The aim of the full-time localization is to help it make informed decisions on methodical cleaning. Whole other ordinary vacs just use a random pattern, LaserSmart’s 360 ° localization ensures the room is mapped and the robot uses well-defined patterns. Nothing sucks like a vac that misses out most spots because of random cleaning. On the left and right, there are dedicated anti-drop sensors that help it avoid stairs.
Also, we have obstacle detection which is activated when the light-touch bumper gets some pressure. In as much as this navigation system may be inferior to iAdapt 2.0, it stands out in low-lit environments. While the 980 may fumble a little bit in a dark room, BotVac Connected will move without a problem in the same conditions. This is because the low res camera will not be feeding the system clear images.
iLIFE Advanced Sensors
This is among the areas where iLIFE greatly drops points. If you have a high traffic room, ILIFE should be the last resort. High traffic rooms want a precise and accurate navigation system so Roomba 980, or ECOVACS R95 will be a great choice.
This brand has no elaborate navigation sensors; it just combines a set of anti-drop and obstacle detection sensors. But then. The chemistry is what’s most important and surprisingly, that’s where it is malnourished. I have had is not so good. Typically, there are anti-collision sensors which when the bumper hits something, they are activated and the robot finds a different path. Unfortunately, it’s most likely to hit the same obstacle again and again! There are also cliff sensors under it which just work perfectly except on thick and dark colored carpet. It tends to register the transitions as cliffs may be because of the large wheels. I thought this was a bug until I tested it again and again and found the same problem. The A4s, V3s, V5s, V7s, and A6 are some of the vacs with this navigation technology.
ECOVACS’ Smart Motion
The Deebot N78 being Amazon’s bestselling robot vacuum, it would be unfair if we don’t look at ECOVACS’ navigation technologies.
Smart Motion navigation technology happens to be the tech used in Deebot N78 and also the Deebot N79. Apart from Roomba, ECOVACS is the other brand that I love when it comes to navigation precision. In Smart Motion, anti-collision sensors and anti-drop sensors are well managed by the intelligent system to make sure the robot maps and cleans your house in a fashioned pattern.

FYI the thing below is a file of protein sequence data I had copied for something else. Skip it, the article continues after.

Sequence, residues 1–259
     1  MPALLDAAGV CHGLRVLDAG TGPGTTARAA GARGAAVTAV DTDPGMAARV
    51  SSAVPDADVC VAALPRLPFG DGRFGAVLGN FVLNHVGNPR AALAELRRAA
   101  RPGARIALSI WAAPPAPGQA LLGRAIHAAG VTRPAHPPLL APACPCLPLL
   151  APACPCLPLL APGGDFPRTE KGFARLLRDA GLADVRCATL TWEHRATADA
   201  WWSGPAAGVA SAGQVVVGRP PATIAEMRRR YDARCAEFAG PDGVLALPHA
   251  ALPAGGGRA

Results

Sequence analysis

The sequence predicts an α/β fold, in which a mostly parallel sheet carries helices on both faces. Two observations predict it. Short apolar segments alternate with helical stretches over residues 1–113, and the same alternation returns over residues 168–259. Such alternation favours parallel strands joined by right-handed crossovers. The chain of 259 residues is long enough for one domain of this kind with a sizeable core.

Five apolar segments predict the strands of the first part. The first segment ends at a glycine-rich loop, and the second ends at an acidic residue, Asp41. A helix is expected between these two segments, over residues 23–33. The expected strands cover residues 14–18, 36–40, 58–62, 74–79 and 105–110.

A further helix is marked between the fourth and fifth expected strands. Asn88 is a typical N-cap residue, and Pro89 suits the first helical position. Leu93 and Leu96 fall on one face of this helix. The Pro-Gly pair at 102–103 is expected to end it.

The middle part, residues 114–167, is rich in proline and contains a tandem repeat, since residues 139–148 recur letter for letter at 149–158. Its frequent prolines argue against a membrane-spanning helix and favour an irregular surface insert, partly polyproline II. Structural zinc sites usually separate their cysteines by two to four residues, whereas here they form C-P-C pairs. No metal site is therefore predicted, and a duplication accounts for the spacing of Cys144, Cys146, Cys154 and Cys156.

The working mechanism is just the standard one; infrared sensors bounce back off the walls and from this data, it knows where it is, where it has cleaned and where it has not reached. I’ll also have to mention the light bumper that helps absorb shock and most importantly, it prevents damage your households.
Overall, I find this navigation system that iAdapt in old models like the 650 and 700 series. I have used it in my apartment and if you count the number of times it gets stuck compared to the Roomba 650, the N78 and N79 are better deals in light of their affordability and most importantly, the Deebot N78’s mop function.
Dyson’s 360 Camera Vision System
Like earlier mentioned, Dyson is the other robot vacuum cleaner that has a real-time navigation camera. This camera pops out of the glass dome at the top and can rotate 360 °. This is unlike the Roomba’s which is a front-facing low res camera. Remember, this is the primary navigation sensor. When working, Dyson takes videos of its surrounding and triangulates its position by looking at its proximity to the different landmarks it recognizes. Besides, it also has IR sensors that help it detect and avoid obstacles.
Samsung’s Visionary Mapping Plus & FullView Sensors
The only problem is that Samsung is not a household name as it is when it comes to electronics. Visionary Mapping Plus employs a set of 10 sensors and a digital camera. These sensors use just the same principle as the rest of the vacuum cleaners and combine the data with real-time imaging for a more precise navigation system and most importantly, methodical and patterned cleaning.
I must commend Samsung for perfecting their navigation system. It really avoided obstacles and went around chair legs and other hard to reach areas of the floor. You can compare this system to the Roomba’s iAdapt 2.0 and also Dyson’s 360 ° navigation. I also liked the fact that it has Point Cleaning; a feature that lets you point dirty areas and the robot will head there fast. Just like the Roomba and select ECOVACS models, it also has boundary-marking that uses infrared sensors to mark where you feel the bot shouldn’t reach.
If you have a large apartment with many household stuff, it is imperative that you go for the best navigation system. We want to find out what’s the best navigation system.
But again, the Roomba 900 series is quite expensive and so are the other vacuums that have real-time imaging like Dyson and Samsung POWERbot VR9000. If you have a high traffic room and you are on a tight budget, you can also consider ECOVACS’ Smart Motion. The sensors are quite accurate and won’t get stuck like other vacs. Considering the N78 and N79 all cost under $250, they should be a great substitute to the pricey Roomba 980, Dyson 360 Eye and ECOVACS R95. However, note that Smart Motion may not be as accurate as iAdapt 2.0.